In May, I will be delivering a short talk to the cohort of Masters students in Arts and Humanities at Manchester Metropolitan University about the different skills I learnt when completing my MA dissertation and provide them with some advice going forward. I only have 15 minutes to deliver this, so I thought I would cover it in more depth here:
Tip 1: Don’t try to do too much
The content I’d initially planned for my Masters dissertation probably could have filled a whole PhD. My topic initially was to look at depictions of cannibal families across three types of text: one novel, one film, and one television show. Very quickly, this dropped down to just the novel and television show, when feedback from my dissertation preparation day (see below) told me I was trying to cover too much. I later ditched the novel and just focused on writing about Hannibal. Why? I had too much to say about it! It is better to go in deep on one text than to only provide a surface-level reading of a number of texts. Don’t be afraid to drop things if they don’t work or don’t fit.
Tip 2: Present your work
My university ran a Dissertation Preparation Day, in which we delivered the content of our dissertations (obviously not in
a complete form) in a 20 minute powerpoint presentation which was then open to questions from fellow students and staff. Not only does this give you experience in delivering conference papers, but it can point out gaps in your argument and provide you with new perspectives to consider even before you start writing a draft. If your university doesn’t provide you with an opportunity to present your dissertation or thesis topic, arrange a time with fellow students in which you can share your plans with each other and get feeedback.
Tip 3: Don’t be afraid to ask for help
The help I requested was very specific. I was in the midst of medical investigation, but without diagnosis, I was dealing with some pretty nasty symptoms without explanation. I applied for, and was granted, three months extra time so that I could finish my write-up while prioritising my health. Even without an underlying health condition, students were able to pay for extra write-up time (the payment being to cover additional course fees, although medical exemptions were free). Things crop up in a researcher’s life, and sometimes your work cannot be your priority. The most important thing is to communicate with your dissertation supervisor, postgraduate support admin, and if necessary, your disability service, and work out a plan that will lead you to the success you are capable of.
Tip 4: Make the supervisory relationship work for you
One of the things that can make or break a student is their relationship with their supervisor(s). This is something that is absolutely crucial in a PhD, as I am learning, but it is just as important for success at a Masters level. I was very upfront and honest with my MA dissertation supervisor about what I expected from the relationship, and not only did that lead me to an exceptional mark in my thesis (with an Outstanding Achievement Award at graduation #humblebrag), but my MA supervisor is now my PhD Director of Studies. Some of the things we worked out were: Skype meetings for when my health/weather/time prevented me from attending, adding each other on social media for easier and quicker contact, sharing of resources not available in the library, and guidance on what to do next. At the end of the day, your success or failure also reflects on the supervisor too, so it is essential to get that relationship right. And if the supervisory relationship isn’t working for you, do something about it! Speak to your course leader, postgraduate support, or anyone in the university you trust with the power to take your concerns forward.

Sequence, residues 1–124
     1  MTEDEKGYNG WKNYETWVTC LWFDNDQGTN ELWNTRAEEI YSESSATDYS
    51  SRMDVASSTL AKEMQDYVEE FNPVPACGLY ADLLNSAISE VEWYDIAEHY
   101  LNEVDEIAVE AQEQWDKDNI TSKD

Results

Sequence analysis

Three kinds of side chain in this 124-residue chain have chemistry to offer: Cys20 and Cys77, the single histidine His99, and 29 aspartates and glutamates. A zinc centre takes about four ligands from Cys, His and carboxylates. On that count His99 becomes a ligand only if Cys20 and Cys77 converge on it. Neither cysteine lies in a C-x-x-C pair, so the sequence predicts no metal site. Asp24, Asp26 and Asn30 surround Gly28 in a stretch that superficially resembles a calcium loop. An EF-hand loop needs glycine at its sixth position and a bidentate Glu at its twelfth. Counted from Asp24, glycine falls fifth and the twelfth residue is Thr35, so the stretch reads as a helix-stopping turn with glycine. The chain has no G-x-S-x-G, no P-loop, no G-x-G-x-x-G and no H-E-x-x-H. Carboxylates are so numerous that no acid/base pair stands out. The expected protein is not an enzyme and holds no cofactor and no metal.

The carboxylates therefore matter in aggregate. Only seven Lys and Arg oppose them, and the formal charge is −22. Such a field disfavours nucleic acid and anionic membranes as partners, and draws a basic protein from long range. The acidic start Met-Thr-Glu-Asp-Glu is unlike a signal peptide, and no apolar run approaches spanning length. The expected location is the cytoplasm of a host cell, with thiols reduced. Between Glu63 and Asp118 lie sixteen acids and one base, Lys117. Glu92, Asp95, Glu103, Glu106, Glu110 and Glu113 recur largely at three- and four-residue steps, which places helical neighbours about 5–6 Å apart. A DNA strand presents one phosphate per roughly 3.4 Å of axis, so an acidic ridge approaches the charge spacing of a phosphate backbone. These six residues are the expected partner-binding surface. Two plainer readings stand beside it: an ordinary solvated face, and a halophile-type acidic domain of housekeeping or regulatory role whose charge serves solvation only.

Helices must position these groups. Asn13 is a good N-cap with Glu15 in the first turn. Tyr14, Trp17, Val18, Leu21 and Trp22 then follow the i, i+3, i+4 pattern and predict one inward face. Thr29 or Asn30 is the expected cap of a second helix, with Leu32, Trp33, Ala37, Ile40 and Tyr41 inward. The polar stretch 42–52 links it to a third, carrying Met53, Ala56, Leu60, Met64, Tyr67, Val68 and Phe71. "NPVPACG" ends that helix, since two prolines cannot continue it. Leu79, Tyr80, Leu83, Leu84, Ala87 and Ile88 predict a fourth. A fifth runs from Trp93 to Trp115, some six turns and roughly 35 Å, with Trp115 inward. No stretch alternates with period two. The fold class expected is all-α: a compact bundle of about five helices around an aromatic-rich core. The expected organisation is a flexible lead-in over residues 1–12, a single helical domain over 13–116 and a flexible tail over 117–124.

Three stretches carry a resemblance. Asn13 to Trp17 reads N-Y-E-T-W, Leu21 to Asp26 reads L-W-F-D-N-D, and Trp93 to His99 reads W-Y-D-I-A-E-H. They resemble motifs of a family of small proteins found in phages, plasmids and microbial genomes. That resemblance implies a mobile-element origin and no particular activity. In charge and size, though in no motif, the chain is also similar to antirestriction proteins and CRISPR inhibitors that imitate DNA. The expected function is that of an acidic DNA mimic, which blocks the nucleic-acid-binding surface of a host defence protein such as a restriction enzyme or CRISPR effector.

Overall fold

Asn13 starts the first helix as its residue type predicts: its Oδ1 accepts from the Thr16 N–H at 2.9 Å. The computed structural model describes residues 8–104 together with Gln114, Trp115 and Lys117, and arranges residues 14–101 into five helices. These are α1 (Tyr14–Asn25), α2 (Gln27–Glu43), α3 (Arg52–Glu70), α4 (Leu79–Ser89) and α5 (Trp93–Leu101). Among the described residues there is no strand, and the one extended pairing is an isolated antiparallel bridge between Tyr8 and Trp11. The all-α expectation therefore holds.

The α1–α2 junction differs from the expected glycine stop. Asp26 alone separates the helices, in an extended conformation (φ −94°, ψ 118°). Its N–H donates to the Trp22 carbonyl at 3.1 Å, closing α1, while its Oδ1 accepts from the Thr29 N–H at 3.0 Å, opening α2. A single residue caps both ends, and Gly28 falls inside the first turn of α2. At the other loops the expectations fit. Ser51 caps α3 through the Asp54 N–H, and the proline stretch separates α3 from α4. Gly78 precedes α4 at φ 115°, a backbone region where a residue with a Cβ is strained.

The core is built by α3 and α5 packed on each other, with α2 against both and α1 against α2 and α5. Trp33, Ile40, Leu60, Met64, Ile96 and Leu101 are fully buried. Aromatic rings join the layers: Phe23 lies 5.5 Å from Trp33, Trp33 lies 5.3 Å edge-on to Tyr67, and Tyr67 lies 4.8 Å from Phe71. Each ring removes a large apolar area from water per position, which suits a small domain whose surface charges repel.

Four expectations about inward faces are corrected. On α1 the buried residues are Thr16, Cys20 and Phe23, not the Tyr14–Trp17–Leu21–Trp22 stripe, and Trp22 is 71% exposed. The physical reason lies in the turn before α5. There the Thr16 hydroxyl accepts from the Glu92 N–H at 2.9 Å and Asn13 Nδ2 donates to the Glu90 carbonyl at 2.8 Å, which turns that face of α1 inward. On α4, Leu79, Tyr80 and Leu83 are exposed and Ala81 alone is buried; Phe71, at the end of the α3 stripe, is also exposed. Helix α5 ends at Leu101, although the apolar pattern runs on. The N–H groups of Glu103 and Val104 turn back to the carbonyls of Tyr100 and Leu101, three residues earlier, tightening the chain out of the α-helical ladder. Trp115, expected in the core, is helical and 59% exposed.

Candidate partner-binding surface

Tip 5: Have fun!
You clearly had your reasons for choosing to do a Masters degree, and with any hope, one of those reasons was that you enjoy research. I see many people advising not to research something you love, as it is difficult to be objective and critical, but I disagree massively. Researching texts I enjoy motivates me to continue doing that research, makes me feel proud of what I have achieved, and encourages me to share my research with others. Even at my lowest moments in terms of my health, the fact that I could go home, binge-watch Hannibal and call that research was a delight!
But that’s not the only fun I’m talking about here. Take breaks. Practice self-care. Socialise and have fun with friends. Read for pleasure instead of research. Have a lie-in. Whatever it is in life that brings you joy, don’t neglect it in favour of the looming dissertation. I don’t know if it’s my background in A Level teaching that has taught me this, but I have learnt that doing work little and often over a long period of time, instead of working flat out on research for days at a time, has not only resulted in better research, but in better physical and mental health.
Tip 6: Manage your references
Finally, and this one’s a bit obvious, keep track of your references! There’s nothing worse than not being able to find the source for that excellent study you want to quote! There are hundreds of reference managers out there so you don’t have to do it all yourself, some free and some with a subscription. Find the referencing system that works for you and STICK TO IT.